Learning and teaching just below the polar circle

Do you know what level of education a country has that arranges 357.000 inhabitants on an area that is approximately a quarter of Austria? This is far behind Europe’s lowest population density. Nevertheless, Iceland is among the most efficient in international comparison concerning academic degrees as well as young people’s training qualifications. Moreover, Iceland stands out due to its unemployment rate of merely 2,8% and as of yet mostly unproblematic immigration despite migration rate 4 (Austria 4,8).

During the stay at our partner University of Akureyri, I was provided with the opportunity to investigate what makes their approach so successful. With 18.000 inhabitants, Akureyri is the fourth largest city, located in the far north, at a fjord that passes the polar circle. The University was founded in 1987 and, nowadays, offers a multi-layered, unique collection of courses and trainings. These are provided by 181 teachers for 2400 students at three different schools and 12 faculties (including the faculty of education).

The peculiarity of the Icelandic society is also reflected in the working process at the University. Everyone knows everybody and they have the loving mentality of taking care of each other. Once, a colleague was late for work and I was waiting for her. While waiting, another colleague that I had not met before asked me whether I was waiting for a meeting with “Ingibjörg”. Most interestingly, last names are not of great importance in a very much egalitarian society, not to mention academic titles. People support each other, communication is key, which is expressed in terms of the generous design of the public space at the University. They offer seating accommodation, free coffee for staff, and open workspace for students along with free access to technology (no blocked paper tray at the copiers).

Most of the 100.000 Icelanders that are not living in one of the four major cities, primarily live on farms that are spread over the coastland. During winter, it is most often complicated, sometimes even impossible to undertake longer excursions. That is why sometimes people do not leave their farm or their village during that time. As a result, the training facilities at Háskólinn á Akureyri (University) is high-tech and based on a wide range of offers for distant learning. Lectures are predominantly recorded and individual online-coaching is standard. Groups do meet face-to-face, accompanied by skype conferences. Merely teaching practice at the faculty of education requires physical attendance. I was also introduced to a personal, electronic supervisor that enables a virtual visit to the University. He is representative for all students in the lectures and seminars to make communication possible.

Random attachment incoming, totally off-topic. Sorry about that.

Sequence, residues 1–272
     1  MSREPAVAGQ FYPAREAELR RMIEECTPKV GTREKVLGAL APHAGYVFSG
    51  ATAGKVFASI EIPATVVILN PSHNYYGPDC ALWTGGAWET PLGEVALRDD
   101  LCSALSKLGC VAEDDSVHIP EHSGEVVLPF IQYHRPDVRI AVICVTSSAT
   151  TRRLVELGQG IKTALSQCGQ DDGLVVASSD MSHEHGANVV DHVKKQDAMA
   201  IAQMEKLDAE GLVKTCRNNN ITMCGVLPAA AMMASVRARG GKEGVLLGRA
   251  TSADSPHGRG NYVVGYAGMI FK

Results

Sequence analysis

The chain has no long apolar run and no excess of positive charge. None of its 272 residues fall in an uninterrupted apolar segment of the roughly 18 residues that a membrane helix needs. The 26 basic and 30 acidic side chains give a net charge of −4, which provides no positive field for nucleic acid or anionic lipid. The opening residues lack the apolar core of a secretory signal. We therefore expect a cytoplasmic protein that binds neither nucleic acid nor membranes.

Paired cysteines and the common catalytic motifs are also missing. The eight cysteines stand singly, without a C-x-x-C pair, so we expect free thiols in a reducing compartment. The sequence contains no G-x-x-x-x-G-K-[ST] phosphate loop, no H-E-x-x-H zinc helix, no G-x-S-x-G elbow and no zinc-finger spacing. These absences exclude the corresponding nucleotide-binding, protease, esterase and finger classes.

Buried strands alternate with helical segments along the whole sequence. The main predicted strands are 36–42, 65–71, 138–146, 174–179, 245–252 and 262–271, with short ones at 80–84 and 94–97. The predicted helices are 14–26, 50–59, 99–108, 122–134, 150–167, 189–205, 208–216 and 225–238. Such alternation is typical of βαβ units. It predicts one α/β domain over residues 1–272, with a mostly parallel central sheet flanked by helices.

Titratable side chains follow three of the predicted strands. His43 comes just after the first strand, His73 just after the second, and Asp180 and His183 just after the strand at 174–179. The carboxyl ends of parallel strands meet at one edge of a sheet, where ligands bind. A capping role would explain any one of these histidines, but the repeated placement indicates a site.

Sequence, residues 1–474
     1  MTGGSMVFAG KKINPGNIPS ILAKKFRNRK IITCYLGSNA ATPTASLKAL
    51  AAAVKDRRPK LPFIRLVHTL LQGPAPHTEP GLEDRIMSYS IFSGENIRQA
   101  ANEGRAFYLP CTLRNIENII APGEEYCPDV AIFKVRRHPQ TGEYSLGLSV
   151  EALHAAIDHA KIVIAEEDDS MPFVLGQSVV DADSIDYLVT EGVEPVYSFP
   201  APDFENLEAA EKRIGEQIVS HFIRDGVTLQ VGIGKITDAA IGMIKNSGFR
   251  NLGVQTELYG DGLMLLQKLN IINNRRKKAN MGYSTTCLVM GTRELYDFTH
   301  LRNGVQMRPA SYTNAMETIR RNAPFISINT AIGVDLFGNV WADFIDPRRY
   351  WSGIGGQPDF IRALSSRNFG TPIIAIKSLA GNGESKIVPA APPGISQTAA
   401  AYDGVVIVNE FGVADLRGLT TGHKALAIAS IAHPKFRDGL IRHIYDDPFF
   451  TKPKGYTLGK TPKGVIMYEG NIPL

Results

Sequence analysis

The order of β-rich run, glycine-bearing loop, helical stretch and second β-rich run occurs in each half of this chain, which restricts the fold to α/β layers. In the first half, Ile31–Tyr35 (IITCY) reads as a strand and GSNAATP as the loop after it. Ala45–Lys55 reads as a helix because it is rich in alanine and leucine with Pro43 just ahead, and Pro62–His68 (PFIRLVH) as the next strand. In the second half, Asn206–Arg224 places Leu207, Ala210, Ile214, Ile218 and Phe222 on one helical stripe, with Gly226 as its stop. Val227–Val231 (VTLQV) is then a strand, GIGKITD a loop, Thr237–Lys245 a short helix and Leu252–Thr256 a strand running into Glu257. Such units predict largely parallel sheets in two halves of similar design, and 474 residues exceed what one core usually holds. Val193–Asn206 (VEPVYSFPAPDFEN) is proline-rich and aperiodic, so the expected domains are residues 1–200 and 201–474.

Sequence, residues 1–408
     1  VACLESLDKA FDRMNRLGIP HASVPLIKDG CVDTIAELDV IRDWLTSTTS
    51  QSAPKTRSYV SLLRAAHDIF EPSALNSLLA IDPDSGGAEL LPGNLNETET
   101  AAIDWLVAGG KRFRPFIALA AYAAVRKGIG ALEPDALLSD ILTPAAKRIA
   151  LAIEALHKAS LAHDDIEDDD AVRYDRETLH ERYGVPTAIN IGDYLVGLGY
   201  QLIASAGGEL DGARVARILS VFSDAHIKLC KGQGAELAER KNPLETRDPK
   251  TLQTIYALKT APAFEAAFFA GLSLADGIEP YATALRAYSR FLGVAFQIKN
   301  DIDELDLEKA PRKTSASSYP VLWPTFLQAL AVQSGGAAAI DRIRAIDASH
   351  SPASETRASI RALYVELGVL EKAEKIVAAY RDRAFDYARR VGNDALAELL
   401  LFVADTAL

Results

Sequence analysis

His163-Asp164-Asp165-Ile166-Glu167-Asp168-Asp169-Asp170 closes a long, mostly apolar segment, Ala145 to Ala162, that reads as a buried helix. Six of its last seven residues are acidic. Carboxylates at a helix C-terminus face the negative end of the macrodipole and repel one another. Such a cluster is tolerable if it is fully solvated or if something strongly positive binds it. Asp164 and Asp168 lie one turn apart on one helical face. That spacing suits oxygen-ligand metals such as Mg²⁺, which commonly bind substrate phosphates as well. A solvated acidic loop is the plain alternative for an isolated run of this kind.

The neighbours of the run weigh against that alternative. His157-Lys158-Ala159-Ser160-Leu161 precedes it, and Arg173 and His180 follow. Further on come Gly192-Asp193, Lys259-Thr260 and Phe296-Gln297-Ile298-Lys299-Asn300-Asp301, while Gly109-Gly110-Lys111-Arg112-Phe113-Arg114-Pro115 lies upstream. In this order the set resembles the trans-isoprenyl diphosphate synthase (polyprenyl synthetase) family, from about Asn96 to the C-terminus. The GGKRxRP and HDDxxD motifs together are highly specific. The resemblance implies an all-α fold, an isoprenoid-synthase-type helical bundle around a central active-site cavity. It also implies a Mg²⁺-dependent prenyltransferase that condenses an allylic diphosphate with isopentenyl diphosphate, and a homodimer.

Meetingelectronic assistant

Another vital concern during my stay was the question of language education in a country whose language has only slightly changed during the last 1000 years and that, from a linguistic purism’s perspective, even translates computers into “number oracles” or mobile phones into “Friedensstehler”. The development of a methodology for Islandic as second language is rather innovative and this is why there has been great interest in our DaZ-concepts. In foreign language teaching in primary education (until reaching the age of 15), English is the first foreign language and Danish the second one. In secondary education, you can choose between German, French, Spanish and sometimes even Russian. During my stay, I could take part in a Danish lesson, have a conversation with the language teachers’ methodologists and get an insight into practical experience concerning approaches, challenges and problems. Icelandic teachers as well consider the encouragement of reading and writing skills and the erudite language considerably important.

In the end, at another meeting, it was possible to promote the IDT 2021 since two members of the Icelandic German teacher organization work in Akureyri. 


All in all, a very kind and pleasant impression remains due to the professionally organized stay that provided a considerable number of insights and ideas of how to cope with specific educational challenges. Let me express a special thanks to Runar and Kristin who have arranged as well as accompanied my program. Hopefully, they will soon be coming to Vienna for an Erasmus stay.

Mag. Dr. Brigitte Sorger

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